Understanding Intestacy: When You Die Without A Will
Studies indicate that many persons who have accumulated wealth during their lifetime die without a valid will. When this happens, the decedent’s property passes by intestate succession to the decedent’s heirs at law according to law. In other words, if you don’t have a will, the state will make one for you. All fifty states have laws of this sort.
The purpose of intestate succession statutes is to distribute the decedent’s wealth in a manner that closely represents how the average person would have designed his or her estate plan had that person had a will. However, this default can differ dramatically from what the person really would have wanted. Even where is it is known what the person intended, no exceptions are made where no valid will exists. Nor are there any exceptions made based on need or special circumstances.
1990 Uniform Probate Code
The 1990 Uniform Probate Code (the Code), which serves as the starting point for many states’ laws, represents the best reference for a general discussion. However, it should be kept in mind that the laws of different states vary greatly from each other and from the Code itself.
Under the Code, close relatives take priority over more distant relatives. The classes of relatives whose members receive property under the Code include the decedent’s surviving spouse, descendents (children, grandchildren, etc.), parents, descendents of decedent’s parents (siblings, nieces and nephews), grandparents, and descendents of grandparents (aunts and uncles and cousins). Adopted descendents are treated the same as biological descendents. If none of the above-named classes of relatives include any persons qualified to take the estate, the property “escheats” (goes by default) to the state.
- Share Of Surviving Spouse
Under the Code, a surviving spouse is either entitled to the entire estate (after the expenses and taxes of the decedent are paid) or a substantial part of it.
- The surviving spouse is entitled to the entire net estate if the decedent is also survived by children who are all children of the decedent and the surviving spouse.
- The surviving spouse is also entitled to the entire net estate if the decedent is not survived by descendents or parents.
- If parents survive but no descendents survive, a surviving spouse takes the first $200,000 of the net estate plus 3/4 of anything exceeding that amount.
- If all of the surviving descendents of the decedent are also the descendents of the surviving spouse, and the surviving spouse has living descendents who are not descendents of the surviving spouse, the surviving spouse takes the first $150,000 of the net estate plus 1/2 of anything exceeding that amount.
- If the decedent is survived by descendents who are not descendents of the surviving spouse, the surviving spouse takes the first $100,000 of the net estate plus 1/2 of anything exceeding that amount.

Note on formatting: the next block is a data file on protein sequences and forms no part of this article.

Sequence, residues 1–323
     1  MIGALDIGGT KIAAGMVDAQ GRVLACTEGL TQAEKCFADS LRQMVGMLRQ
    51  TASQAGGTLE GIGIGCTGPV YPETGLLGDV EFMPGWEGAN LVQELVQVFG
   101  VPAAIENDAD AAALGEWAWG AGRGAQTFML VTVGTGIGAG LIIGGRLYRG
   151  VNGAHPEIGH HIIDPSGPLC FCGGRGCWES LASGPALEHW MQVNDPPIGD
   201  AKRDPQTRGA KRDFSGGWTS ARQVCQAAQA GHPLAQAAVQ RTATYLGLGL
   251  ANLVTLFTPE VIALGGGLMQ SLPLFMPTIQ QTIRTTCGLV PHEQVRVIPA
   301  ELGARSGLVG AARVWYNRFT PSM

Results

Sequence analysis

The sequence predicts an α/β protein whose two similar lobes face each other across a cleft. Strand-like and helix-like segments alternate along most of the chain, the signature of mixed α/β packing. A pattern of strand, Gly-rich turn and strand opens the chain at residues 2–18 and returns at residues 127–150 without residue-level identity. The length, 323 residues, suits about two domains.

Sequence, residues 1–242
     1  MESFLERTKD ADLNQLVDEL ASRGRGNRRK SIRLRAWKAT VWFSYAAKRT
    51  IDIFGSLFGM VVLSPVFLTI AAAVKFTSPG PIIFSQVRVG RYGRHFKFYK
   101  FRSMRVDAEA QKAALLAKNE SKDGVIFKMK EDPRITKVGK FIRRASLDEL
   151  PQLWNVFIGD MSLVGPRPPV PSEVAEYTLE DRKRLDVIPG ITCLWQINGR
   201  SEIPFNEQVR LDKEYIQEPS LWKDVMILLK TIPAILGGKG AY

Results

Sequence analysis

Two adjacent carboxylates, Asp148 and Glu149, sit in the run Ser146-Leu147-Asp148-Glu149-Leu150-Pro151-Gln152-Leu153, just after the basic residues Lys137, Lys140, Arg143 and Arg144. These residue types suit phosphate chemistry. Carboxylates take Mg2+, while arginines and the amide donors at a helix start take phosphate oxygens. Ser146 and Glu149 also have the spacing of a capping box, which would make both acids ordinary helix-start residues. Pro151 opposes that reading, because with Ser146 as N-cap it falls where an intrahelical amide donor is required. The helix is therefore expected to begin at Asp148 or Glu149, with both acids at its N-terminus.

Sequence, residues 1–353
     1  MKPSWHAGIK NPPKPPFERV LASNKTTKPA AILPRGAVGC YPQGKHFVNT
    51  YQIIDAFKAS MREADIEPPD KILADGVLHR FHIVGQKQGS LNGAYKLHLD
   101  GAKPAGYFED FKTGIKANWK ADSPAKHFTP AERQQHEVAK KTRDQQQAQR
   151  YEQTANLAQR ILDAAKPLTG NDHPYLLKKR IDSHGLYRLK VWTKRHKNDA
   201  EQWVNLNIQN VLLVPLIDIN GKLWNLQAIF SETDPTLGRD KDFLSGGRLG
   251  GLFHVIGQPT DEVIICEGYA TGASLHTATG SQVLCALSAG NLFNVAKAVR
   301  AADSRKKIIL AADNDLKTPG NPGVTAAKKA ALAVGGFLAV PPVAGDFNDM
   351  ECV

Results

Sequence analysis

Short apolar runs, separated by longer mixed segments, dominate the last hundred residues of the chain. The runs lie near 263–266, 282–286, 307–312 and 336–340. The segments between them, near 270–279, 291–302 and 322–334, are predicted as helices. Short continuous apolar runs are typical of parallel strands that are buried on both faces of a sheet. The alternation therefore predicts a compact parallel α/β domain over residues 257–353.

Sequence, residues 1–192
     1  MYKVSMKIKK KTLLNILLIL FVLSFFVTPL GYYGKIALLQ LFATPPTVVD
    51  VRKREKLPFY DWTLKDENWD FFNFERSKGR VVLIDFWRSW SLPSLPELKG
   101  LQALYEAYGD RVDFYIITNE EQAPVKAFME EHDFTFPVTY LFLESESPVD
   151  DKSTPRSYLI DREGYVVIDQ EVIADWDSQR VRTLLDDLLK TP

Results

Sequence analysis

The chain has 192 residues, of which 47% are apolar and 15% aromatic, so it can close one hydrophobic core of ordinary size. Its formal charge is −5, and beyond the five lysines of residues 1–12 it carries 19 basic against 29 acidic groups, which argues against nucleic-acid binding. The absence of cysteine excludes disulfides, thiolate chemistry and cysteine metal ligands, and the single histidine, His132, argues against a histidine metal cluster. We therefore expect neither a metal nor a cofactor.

- Under alternative provisions for community property states, the above statements apply to the decedent’s separate property. As to community property, the 1/2 of the estate belonging to the decedent passes to surviving spouse.
- Share of Descendents
Under the Code, if no spouse survives but descendents of the decedent survive, the descendents take the entire net estate by “representation.” (See discussion of “Representation,” below.)
- Share of Parents
Under the Code, if a decedent is not survived by a spouse or descendents, the entire net estate passes to the decedent’s parents equally or, if only one survives, to the survivor.
- Share of Other Relatives
Under the Code, if a decedent is not survived by a spouse, descendents, or parents, the entire net estate passes to the decedent’s parent’s descendents (siblings of the decedent). If there are no siblings or descendents of siblings, the net estate goes to the decedent’s grandparents or their descendents.
- Net Estate
The “Net Estate” is the amount left for distribution to heirs after all debts, family protections, taxes, and administrative expenses have been paid. “Family protections” include homestead allowances, family allowances, and exempt property allowances. Under the Code the surviving spouse or minor child(ren) is entitled to a $15,000 homestead allowance, a family allowance in a reasonable amount to support the family during the administration of the estate, and a $10,000 exempt-property allowance (ordinarily charged against household furniture, automobiles, furnishings, appliances, and personal effects).
If a decedent’s intestate estate or a part thereof passes “by representation” to the decedent’s descendants, the estate or part thereof is divided into as many equal shares as there are (i) surviving descendants in the generation nearest to the decedent which contains one or more surviving descendants and (ii) deceased descendants in the same generation who left surviving descendants, if any. Each surviving descendant in the nearest generation is allocated one share. The remaining shares, if any, are combined and then divided in the same manner among the surviving descendants of the deceased descendants as if the surviving descendants who were allocated a share and their surviving descendants had predeceased the decedent. Similar rules apply where the estate passes “by representation” to descendents of parents or grandparents.
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